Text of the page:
Thursday, June 12, 2014

ISIS in Fallujah

Raed el-Hamed has interesting information on ISIS's political position in Fallujah:
Following a successful entry into Fallujah in January 2014, which ISIS wanted as a stepping stone for attacks against Baghdad, the group formed an implicit agreement with tribal insurgents and the local military council, which includes armed former opposition factions and some former army officers. According to this agreement, ISIS can be present in Fallujah proper but may not launch revenge attacks against public property, former officials, party leaders, or former Awakening members, while also refraining from labeling any others as infidels (takfir), raising its flag, or forcing others to swear allegiance. The agreement also dictates that ISIS is to act in full coordination with the military council and the tribal insurgents in everything related to military action or civil administration, and cannot unilaterally claim credit for any attack on government troops.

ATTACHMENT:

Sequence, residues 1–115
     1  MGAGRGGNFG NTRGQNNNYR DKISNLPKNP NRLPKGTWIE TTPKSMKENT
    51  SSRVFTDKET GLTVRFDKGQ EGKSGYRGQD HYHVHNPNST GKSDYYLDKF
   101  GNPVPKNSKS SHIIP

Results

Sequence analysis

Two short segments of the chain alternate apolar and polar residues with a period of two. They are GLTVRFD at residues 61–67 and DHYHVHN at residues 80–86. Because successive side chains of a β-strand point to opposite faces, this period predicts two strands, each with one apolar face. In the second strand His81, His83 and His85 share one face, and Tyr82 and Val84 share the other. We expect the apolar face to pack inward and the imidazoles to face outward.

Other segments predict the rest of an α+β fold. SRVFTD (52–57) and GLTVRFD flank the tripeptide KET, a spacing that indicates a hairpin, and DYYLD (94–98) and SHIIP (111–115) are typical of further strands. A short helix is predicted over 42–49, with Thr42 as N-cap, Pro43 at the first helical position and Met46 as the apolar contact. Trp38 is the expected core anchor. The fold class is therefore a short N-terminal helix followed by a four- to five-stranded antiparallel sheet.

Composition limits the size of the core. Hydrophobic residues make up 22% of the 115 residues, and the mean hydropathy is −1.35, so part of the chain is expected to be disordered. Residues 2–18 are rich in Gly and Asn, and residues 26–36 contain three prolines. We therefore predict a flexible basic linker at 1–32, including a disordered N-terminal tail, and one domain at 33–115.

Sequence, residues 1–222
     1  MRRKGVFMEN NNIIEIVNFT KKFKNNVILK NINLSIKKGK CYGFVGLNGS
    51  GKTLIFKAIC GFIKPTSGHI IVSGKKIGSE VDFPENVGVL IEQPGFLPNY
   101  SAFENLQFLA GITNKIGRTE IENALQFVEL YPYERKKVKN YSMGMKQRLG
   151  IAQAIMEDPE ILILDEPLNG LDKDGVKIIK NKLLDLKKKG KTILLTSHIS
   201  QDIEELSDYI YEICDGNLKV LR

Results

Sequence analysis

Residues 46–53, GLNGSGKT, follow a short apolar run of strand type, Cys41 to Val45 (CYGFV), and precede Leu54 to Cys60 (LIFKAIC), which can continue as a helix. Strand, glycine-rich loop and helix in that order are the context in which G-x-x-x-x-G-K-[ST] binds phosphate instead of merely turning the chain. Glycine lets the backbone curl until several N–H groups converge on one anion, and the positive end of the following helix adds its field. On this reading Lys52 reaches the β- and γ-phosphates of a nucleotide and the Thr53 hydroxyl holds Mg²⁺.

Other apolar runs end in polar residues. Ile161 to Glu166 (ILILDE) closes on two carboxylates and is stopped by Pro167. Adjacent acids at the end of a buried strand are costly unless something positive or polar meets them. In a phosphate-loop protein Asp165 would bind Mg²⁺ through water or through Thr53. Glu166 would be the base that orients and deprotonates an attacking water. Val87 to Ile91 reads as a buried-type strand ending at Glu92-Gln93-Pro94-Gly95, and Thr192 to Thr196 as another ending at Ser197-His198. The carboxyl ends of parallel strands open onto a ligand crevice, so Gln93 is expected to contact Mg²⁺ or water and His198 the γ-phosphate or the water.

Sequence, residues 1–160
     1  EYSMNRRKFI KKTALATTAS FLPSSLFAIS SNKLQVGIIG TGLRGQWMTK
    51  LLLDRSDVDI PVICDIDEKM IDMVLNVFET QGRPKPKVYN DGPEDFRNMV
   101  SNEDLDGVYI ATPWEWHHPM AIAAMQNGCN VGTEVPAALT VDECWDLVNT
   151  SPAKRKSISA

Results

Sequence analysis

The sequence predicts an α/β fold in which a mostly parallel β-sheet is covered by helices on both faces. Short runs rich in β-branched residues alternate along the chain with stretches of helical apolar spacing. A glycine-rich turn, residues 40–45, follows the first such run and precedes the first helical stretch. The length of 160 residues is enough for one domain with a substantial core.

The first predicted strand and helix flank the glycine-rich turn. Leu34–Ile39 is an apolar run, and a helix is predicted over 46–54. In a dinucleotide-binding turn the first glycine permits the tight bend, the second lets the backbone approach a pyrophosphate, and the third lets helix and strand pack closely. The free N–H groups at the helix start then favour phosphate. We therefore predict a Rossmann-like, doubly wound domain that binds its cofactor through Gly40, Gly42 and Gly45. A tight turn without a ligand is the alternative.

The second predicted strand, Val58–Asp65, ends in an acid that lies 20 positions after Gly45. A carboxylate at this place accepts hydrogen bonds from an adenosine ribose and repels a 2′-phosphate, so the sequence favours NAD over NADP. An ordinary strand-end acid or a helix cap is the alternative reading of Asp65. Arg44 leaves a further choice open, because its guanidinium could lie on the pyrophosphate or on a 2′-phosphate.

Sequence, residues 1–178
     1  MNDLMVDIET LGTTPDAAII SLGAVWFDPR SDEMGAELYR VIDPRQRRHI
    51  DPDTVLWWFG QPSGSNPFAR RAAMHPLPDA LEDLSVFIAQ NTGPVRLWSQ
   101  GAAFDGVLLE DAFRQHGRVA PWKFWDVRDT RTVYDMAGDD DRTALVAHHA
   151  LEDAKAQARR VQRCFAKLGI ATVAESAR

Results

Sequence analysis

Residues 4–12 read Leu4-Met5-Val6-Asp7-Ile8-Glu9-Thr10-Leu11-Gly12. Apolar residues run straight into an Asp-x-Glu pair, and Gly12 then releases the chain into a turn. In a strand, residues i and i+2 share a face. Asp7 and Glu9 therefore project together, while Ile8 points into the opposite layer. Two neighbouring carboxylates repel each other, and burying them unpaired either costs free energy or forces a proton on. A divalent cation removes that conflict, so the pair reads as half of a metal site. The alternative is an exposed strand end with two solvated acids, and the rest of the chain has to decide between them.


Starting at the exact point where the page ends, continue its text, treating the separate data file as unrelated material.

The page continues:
ISIS prospers in Iraq only because it has convinced Sunni Arabs that it can be an effective partner against the Maliki government.  This suggests to me its allies could easily turn on it if it becomes too aggressive in trying to dominate the territory it occupies.  That said, I don't think pushing for shari'a law will matter to religiously conservative tribes.  ISIS needs to let them control economic resources.

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